Wizard opens new world to Jo Rowling

Wizard opens new world to Jo Rowling

On 11th July 1997, The Bookseller interviewed Jo Rowling, then a little-known author, about her first novel - Harry Potter and the Philosopher's Stone. To mark 20 years since the release of the first Harry Potter novel, we republish that interview, conducted by The Bookseller's then children's news editor Caroline Horn.

Jo Rowling's first published novel, Harry Potter and the Philosopher's Stone, was written in snatched moments in cafés and at home, in the odd hours when her young daughter Jessica was asleep - and when she was not in a classroom teaching French.

Harry Potter first introduced himself to his author on a train from Manchester to London. "I don't know where the idea came from," said Ms Rowling; "the thought of following a young boy through wizard school just fell into my head. I've always been interested in superstitions and folk tales, so they were wound into the tale as well."

She added that trains had always played an important part in her life - her parents met on a train from London to Edinburgh - and perhaps that is why Harry heads off for wizard school on the Hogwarts Express train. The school, while set in a fantasy world, includes many character types that she would have confronted at school. "They are all caricatures, but of recognisable types," said Ms Rowling. "If any one of those characters is me, it must be Hermione, which is rather awful. But I am sure that that is what I was like at that age - loud on the outside but with little self-confidence inside."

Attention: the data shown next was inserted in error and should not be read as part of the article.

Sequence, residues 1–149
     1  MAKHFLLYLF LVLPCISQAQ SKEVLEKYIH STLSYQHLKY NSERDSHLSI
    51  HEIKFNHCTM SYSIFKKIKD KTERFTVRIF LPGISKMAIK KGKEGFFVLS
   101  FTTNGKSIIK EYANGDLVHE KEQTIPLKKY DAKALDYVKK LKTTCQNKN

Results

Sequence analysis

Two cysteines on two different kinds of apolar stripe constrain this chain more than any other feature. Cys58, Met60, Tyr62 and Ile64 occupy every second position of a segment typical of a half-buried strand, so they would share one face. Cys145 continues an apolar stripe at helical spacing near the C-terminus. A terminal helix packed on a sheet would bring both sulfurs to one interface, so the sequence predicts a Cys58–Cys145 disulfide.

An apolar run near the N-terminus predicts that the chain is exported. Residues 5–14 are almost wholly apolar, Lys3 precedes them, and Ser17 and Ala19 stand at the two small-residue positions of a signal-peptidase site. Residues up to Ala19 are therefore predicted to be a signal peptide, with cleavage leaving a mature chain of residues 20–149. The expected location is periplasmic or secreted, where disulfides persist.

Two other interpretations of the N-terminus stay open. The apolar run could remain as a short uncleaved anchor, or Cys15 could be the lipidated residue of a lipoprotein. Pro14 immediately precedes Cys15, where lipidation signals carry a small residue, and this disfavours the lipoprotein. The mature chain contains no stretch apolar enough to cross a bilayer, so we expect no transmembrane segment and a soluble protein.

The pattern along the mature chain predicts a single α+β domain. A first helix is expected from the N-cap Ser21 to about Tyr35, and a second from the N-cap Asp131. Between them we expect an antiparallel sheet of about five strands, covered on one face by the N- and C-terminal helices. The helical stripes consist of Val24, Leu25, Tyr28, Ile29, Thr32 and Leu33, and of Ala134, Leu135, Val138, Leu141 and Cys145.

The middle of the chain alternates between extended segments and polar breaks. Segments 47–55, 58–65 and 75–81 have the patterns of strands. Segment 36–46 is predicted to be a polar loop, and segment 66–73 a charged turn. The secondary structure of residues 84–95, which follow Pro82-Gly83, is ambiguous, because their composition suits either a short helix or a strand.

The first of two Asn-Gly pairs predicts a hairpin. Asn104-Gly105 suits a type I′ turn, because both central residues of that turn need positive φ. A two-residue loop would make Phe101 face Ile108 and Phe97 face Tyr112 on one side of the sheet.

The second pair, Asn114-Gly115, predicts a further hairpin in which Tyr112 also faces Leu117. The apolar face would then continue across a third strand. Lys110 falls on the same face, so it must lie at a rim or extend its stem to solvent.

Ms Rowling [pictured right, in her 1997 author photo] was hopeful that Harry would be well received, but never envisaged just how well. Her first book in the series has just been bought by Scholastic's us imprint Arthur Levine for a gratifying six-figure sum.

"I remember visiting Bloomsbury for the first time and being warned afterwards that no one makes any money out of children's books. If I'd wanted to make money, do you think I'd have written about wizards?"

She said the level of success, with talk of film rights and further auctions and flattering comparisons to Roald Dahl, had yet to register. Ms Rowling gave thanks for the £8,000 grant provided by the Scottish Arts Council which had helped her complete her first book. She is now coming to the end of the second title in the series, and there will be another five books to cover Harry's years at Hogwarts.

Ms Rowling said the first two titles took about a year each to write: "I spent a long time making notes before I started writing properly. I have boxes of notebooks all over the house, with the plots and ideas for the entire series."

She added: "I am very pleased that I have done that, or I might have been panicking by now that I would not be able to deliver. This whole situation is really quite daunting."

Ms Rowling said she knew little of the children's publishing world, and that she tended to avoid reading children's books.

Having heard her work compared to a Terry Pratchett novel, she said: "I can't read any of his novels until I have finished my own. I would hate to find that someone else had already had one of my ideas first, and I would not want to be influenced by someone else's writing. But it is something to look forward to reading."